Foreigners and Egyptians in the Late Egyptian Stories Camilla Di Biase-Dyson applies systemic functional linguistics, literary theory and New Historicist approaches to four of the
Late Egyptian Stories and shows how language was exploited to establish the narrative roles of literary protagonists. The analysis reveals the shifting power dynamics between the Doomed Prince and his foreign wife and the parody in the depiction of the Hyksos ruler Apophis and his Theban counterpart Seqenenre. It also sheds light on the weight of history in the sketch of the Rebel of Joppa and the general Djehuty and explains the interplay of social expectations in the encounters between the envoy Wenamun and the Levantine princes with whom he seeks to trade.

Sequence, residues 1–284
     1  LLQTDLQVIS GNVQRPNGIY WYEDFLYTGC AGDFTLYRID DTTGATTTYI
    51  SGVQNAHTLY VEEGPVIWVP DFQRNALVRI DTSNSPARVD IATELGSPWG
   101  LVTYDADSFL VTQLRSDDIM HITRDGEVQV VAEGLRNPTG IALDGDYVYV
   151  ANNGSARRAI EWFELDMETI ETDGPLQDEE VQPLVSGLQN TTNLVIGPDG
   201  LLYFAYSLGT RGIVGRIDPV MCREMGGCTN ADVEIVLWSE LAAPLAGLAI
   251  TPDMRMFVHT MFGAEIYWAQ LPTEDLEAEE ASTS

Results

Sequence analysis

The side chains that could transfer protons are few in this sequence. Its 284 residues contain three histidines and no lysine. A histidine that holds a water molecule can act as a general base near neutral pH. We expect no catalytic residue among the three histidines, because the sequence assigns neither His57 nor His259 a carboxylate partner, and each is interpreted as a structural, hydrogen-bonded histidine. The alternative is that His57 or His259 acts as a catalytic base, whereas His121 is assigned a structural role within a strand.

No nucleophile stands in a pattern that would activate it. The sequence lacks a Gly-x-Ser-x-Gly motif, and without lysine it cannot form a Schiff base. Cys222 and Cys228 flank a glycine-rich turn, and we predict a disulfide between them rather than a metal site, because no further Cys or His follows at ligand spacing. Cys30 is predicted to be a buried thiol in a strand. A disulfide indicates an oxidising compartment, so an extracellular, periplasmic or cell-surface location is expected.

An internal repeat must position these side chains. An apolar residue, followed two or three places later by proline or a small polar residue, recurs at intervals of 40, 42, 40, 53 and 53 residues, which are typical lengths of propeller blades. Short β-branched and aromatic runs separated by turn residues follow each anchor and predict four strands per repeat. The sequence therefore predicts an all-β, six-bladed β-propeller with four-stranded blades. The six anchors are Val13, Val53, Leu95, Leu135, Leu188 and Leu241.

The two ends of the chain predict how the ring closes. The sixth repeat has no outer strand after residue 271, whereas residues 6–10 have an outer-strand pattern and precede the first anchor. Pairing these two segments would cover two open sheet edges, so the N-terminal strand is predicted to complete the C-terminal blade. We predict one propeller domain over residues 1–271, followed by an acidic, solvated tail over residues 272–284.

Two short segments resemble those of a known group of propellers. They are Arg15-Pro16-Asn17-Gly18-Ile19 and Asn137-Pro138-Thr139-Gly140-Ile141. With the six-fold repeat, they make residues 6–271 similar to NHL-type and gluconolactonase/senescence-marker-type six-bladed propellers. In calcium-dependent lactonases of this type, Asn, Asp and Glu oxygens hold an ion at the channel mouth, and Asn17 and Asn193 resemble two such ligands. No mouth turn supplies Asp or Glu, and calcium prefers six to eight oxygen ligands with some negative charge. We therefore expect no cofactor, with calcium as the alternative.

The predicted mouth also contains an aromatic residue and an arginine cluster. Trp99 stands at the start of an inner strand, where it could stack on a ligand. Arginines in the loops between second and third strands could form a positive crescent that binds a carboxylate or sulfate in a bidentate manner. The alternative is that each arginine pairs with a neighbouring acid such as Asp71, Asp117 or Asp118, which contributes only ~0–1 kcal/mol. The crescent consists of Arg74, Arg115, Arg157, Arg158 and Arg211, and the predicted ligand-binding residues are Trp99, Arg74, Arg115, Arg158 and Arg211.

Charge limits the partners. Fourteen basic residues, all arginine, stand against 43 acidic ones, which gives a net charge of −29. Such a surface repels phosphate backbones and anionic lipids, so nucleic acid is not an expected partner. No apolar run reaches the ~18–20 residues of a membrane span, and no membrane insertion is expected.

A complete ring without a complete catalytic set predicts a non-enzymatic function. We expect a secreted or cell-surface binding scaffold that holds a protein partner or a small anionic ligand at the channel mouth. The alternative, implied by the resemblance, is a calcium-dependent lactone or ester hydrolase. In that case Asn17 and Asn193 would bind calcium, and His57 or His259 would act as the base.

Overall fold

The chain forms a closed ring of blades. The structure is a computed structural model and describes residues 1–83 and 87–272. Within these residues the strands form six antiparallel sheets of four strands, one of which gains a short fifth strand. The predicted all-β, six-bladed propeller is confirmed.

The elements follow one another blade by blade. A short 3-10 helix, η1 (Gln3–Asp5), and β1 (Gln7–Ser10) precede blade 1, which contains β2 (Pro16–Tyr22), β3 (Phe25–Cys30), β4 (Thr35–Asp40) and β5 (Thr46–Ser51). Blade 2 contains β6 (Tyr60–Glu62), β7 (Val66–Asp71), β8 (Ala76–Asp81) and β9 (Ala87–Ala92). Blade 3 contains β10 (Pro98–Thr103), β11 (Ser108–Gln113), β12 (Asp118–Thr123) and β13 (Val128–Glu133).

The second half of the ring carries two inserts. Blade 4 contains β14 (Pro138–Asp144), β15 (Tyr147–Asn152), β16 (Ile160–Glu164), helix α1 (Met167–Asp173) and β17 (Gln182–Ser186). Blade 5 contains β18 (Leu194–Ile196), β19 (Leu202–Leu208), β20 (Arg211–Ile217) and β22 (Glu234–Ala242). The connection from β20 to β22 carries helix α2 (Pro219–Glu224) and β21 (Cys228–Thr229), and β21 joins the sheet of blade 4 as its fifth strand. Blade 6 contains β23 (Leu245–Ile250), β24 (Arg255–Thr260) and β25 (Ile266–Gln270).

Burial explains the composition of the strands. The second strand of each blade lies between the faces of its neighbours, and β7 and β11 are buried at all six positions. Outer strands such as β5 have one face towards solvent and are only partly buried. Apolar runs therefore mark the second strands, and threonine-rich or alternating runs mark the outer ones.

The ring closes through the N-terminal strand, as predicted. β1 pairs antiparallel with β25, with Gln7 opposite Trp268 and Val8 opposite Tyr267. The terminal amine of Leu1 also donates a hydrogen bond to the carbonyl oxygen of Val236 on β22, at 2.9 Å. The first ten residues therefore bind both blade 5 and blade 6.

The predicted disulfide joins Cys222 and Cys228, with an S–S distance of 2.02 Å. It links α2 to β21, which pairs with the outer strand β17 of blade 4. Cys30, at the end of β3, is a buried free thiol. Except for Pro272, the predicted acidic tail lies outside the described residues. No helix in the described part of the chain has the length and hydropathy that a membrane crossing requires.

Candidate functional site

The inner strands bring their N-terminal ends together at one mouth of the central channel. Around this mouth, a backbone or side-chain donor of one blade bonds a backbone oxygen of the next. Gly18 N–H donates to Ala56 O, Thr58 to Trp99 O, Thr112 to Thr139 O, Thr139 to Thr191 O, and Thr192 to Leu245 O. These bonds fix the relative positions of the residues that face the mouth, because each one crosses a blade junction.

"Overall, Di Biase-Dyson’s monograph is an original interdisciplinary examination of an exciting corpus of ancient literary texts." Nikolaos Lazaridis,
Journal of Near Eastern Studies
Camilla Di Biase-Dyson, PhD (2009, Macquarie University) is Junior Professor of Egyptology at the Georg-August-Universität Göttingen. Her research focus is the semantics of the Ancient Egyptian language, from word choice (lexical semantics) through to whole texts (discourse analysis).
Table of contents
Chapter 1: Introduction
Chapter 2: Methodology
Chapter 3: Characterisation in
The Doomed Prince Chapter 4: Characterisation in
The Quarrel of Apophis and Seqenenre and
The Taking of Joppa Chapter 5: Characterisation in
The Misfortunes of Wenamun Chapter 6: Findings and Discussion
Chapter 7: Conclusion
Appendices: Transcription, Translation and Grammatical Analysis
Scholars and students interested in Ancient Egyptian literature, particularly of the Ramesside Period, as well those interested in the application of modern linguistic models to the Ancient Egyptian language.